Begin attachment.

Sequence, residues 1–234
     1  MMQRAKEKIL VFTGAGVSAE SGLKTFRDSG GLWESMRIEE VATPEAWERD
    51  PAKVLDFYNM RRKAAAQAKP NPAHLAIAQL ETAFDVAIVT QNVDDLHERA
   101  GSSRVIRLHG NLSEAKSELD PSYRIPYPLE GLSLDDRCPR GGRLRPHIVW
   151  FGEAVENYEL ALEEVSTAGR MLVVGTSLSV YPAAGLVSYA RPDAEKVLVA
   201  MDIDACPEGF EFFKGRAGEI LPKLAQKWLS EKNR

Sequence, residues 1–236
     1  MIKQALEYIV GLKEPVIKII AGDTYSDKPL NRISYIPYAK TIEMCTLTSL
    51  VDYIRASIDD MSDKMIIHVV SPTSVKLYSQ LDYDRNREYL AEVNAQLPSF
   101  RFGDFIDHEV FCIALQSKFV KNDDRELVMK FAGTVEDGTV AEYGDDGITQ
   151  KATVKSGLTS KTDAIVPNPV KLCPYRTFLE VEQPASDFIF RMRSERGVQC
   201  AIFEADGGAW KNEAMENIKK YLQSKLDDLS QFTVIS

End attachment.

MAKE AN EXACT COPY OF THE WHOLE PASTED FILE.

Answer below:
Sequence, residues 1–234
     1  MMQRAKEKIL VFTGAGVSAE SGLKTFRDSG GLWESMRIEE VATPEAWERD
    51  PAKVLDFYNM RRKAAAQAKP NPAHLAIAQL ETAFDVAIVT QNVDDLHERA
   101  GSSRVIRLHG NLSEAKSELD PSYRIPYPLE GLSLDDRCPR GGRLRPHIVW
   151  FGEAVENYEL ALEEVSTAGR MLVVGTSLSV YPAAGLVSYA RPDAEKVLVA
   201  MDIDACPEGF EFFKGRAGEI LPKLAQKWLS EKNR

Sequence, residues 1–236
     1  MIKQALEYIV GLKEPVIKII AGDTYSDKPL NRISYIPYAK TIEMCTLTSL
    51  VDYIRASIDD MSDKMIIHVV SPTSVKLYSQ LDYDRNREYL AEVNAQLPSF
   101  RFGDFIDHEV FCIALQSKFV KNDDRELVMK FAGTVEDGTV AEYGDDGITQ
   151  KATVKSGLTS KTDAIVPNPV KLCPYRTFLE VEQPASDFIF RMRSERGVQC
   201  AIFEADGGAW KNEAMENIKK YLQSKLDDLS QFTVIS